Tree Recycling & Vilsack On Changing Attitudes
Tree Recycling & Vilsack On Changing Attitudes plus Food Forethought. I’m Greg Martin with today’s Northwest Report.
Is rural America becoming less relevant to politics? Has the big city influence caused Washington to forget where their meals come from? Ag Secretary Tom Vilsack thinks that might be the case due to the shrinking rural population. Vilsack says rural Americans need to recognize that and begin to reverse it - his point being rural residents are the ones who have written off the future of rural areas because many have adopted a preservation mindset - not a growth mindset. Unless rural Americans change their perspective and respond and react to the challenges they face - Vilsack says the capacity of rural America and its power and its reach will continue to decline.
Well now that the holidays are officially over it’s time to think about taking down that tree and packing away the decorations. If it’s a real tree, consider what you are going to do with it. Buzz Warren, a tree grower with the National Christmas Tree Association suggests recycling.
WARREN: There are recycling programs in every major city, most smaller cities, counties all over the country. Now a lot of those may have been picked up by the city or the county or the general refuse collection but those trees are recycled. They’re chipped. They’re used as mulch, they’re used as walking/running paths, they’re used for erosion control.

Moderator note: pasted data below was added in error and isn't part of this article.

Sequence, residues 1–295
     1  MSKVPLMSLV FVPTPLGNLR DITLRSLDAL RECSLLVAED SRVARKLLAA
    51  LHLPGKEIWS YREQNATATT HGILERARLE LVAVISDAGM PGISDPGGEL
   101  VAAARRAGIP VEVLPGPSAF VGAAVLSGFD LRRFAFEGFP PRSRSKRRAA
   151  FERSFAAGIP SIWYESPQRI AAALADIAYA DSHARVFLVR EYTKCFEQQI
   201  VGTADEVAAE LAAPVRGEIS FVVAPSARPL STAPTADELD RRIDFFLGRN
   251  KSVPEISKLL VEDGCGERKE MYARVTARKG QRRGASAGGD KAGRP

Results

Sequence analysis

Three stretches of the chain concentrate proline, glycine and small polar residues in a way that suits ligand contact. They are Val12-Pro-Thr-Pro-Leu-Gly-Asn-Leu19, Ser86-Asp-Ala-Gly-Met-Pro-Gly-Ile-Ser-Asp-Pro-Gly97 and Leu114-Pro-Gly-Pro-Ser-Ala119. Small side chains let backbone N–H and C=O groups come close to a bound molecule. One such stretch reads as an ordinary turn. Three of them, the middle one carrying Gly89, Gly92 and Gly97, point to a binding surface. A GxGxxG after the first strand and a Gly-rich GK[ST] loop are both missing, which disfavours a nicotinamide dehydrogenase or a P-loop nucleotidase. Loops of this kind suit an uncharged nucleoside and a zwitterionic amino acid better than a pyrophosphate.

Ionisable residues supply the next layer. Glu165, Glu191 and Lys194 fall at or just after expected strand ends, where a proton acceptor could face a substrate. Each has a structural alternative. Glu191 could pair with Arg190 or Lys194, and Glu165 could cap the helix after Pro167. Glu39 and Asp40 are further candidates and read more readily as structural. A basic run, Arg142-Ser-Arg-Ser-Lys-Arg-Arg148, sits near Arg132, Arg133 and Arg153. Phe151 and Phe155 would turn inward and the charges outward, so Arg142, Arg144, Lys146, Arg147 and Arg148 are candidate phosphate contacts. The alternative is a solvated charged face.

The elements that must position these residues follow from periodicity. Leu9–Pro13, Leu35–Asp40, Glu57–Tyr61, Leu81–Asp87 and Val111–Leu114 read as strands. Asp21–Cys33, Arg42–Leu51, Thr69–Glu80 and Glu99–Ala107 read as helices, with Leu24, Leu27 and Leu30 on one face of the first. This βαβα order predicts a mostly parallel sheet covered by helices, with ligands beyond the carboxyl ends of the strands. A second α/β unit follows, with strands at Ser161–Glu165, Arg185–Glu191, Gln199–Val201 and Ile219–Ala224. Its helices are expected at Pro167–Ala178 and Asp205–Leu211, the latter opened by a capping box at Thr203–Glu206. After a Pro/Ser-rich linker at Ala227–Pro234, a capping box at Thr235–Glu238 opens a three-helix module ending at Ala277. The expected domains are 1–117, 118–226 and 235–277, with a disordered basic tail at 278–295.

Now with today’s Food Forethought, here’s Lacy Gray.
I always knew that the potato was a tasty, healthy little spudder, but I didn’t know it could also be an aide to researchers in the technology industry. Used to be passengers couldn’t anymore surf the internet while mid-flight than they could, well, fly. Now they can, but the signal is spotty at best. That’s why Boeing began working on a way to make in-flight Wi-Fi signals stronger and more consistent throughout the airplane cabin. They needed test passengers, so to speak, in order to see how they interact with electronic signal properties, but since not very many people want to spend hours upon hours setting in a parked airplane no matter what you pay them, sacks of potatoes were used. And researchers found that water logged spuds interact with signals in a way similar to the way people would, plus they’re cheap. Project SPUDS, as Boeing likes to call it, made it possible for such testing to be reduced from a period of weeks, to just a little over ten hours. So the next time you’re flying at 30 thousand feet above the ground at 600 miles per hour and happily browsing the internet at the same time remember that it was the lowly potato that made that pleasure possible.
Thanks Lacy. That’s today’s Northwest Report. I’m Greg Martin on the Ag Information Network.